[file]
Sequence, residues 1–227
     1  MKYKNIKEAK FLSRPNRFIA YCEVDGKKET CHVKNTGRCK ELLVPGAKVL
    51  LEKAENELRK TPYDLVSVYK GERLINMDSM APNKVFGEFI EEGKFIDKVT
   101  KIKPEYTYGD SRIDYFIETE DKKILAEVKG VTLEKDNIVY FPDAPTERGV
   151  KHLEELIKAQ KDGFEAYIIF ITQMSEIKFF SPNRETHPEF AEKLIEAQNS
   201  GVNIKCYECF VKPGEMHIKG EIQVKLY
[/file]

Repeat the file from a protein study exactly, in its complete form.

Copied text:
Sequence, residues 1–227
     1  MKYKNIKEAK FLSRPNRFIA YCEVDGKKET CHVKNTGRCK ELLVPGAKVL
    51  LEKAENELRK TPYDLVSVYK GERLINMDSM APNKVFGEFI EEGKFIDKVT
   101  KIKPEYTYGD SRIDYFIETE DKKILAEVKG VTLEKDNIVY FPDAPTERGV
   151  KHLEELIKAQ KDGFEAYIIF ITQMSEIKFF SPNRETHPEF AEKLIEAQNS
   201  GVNIKCYECF VKPGEMHIKG EIQVKLY